I’m pretty sure that in the future anytime anyone mentions the year 2020, we’re all going to instantly think of COVID-19, social distancing, quarantining, face masks, Zoom meetings and calls with our families, altered or canceled travel plans, etc. While I will definitely think of all of these things first, I hope it will be quickly followed with the memory of the year that my family stayed close to home and really, really dug in deep and explored San Juan County, UT.
My husband and I are closing in on 12 years since we moved to Monticello, and during that time we’ve definitely done more than our fair share of exploring this area, the rest of Utah, and the Four Corners region. But this year with COVID we’ve spent the past 9 months seeing some parts of San Juan County that we’ve never seen before. We took a houseboat out on Lake Powell for the first time- something I’ve always wanted to do but felt that it was too expensive. Funny how your perspective changes when worldwide travel has all but shut down!
In the spring, with social distancing on our minds, we did several new hikes we’d never done before in White Canyon. (You can read about our hike to Big Arrowhead Arch and The Grotto HERE) At the end of October we went on our last camping trip of the year out near Hite and did maybe my favorite section of White Canyon we’ve done so far- Lower White Canyon. One thing I want to note is that none of the ‘hikes’ in White Canyon that I’m mentioning are designated hiking trails, they’re basically just walking up or down the canyon, so the chances of encountering other people are much lower than if we had headed to a designated hiking trail, which is perfect for COVID-era outings!
After nearly a year without seeing my in-laws who live in Flagstaff, we decided that this would be a good opportunity for a socially distant camping weekend together. We met up with them at the Kane Gulch Ranger Station and caravanned out to the area my husband had his eye on for dispersed camping, and found a great spot with awesome views and plenty of space for both of our set-ups. It was a different kind of camping experience than normal- we made all our food separately, rode in separate vehicles, didn’t enter each other’s campers, etc., but I’m glad we were able to find a way to meet up in a safe way that we were all comfortable with.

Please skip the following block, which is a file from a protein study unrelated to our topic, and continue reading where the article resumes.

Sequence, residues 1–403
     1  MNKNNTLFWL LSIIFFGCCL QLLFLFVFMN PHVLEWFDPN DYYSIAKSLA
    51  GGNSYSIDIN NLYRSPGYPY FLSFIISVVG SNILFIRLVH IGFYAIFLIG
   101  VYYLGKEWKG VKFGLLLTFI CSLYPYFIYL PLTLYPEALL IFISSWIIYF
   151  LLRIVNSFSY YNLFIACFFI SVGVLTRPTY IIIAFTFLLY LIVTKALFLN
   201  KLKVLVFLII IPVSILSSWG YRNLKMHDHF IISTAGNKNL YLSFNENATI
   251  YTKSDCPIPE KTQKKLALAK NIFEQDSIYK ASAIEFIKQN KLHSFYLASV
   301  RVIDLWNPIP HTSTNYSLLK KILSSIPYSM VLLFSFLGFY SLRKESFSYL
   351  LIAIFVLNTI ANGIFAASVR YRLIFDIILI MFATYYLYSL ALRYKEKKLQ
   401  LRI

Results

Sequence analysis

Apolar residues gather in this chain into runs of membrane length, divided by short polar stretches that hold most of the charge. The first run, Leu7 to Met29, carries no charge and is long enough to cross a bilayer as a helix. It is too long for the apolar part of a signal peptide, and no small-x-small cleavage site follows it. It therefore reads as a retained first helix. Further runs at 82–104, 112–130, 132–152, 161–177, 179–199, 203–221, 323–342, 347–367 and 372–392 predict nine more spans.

The next morning we headed out for our hike in Lower White Canyon. Our destination for the day was to hike up the canyon until we reached the bridge on Hwy 95 that crosses the canyon, which was about a 5 mile round trip hike. We started hiking and were immediately greeted by a huge Great Basin Gopher Snake! I wish I had put something next to it for size reference, but just know that this snake was huge!
The walls of White Canyon can be pretty steep, but we found an easy access point and climbed down into the canyon with no problem. As soon as we got down there, we found some really cool little ‘rooms’ to explore in the cliff walls. I don’t care how old you are, when you’re exploring canyons and you come across things like this, you revert right back to childhood and are completely in awe of how amazing nature is!
I mentioned in my last post about White Canyon, what a beautiful canyon it is, and this section did not disappoint! We entered the canyon at a shallower part, so the walls got higher and higher as we walked up the canyon toward the bridge. I always feel like time goes by fast on canyon hikes- I think part of it is the ever changing width of the canyon, height of the canyon walls, and the variety of obstacles to maneuver around on the canyon floor.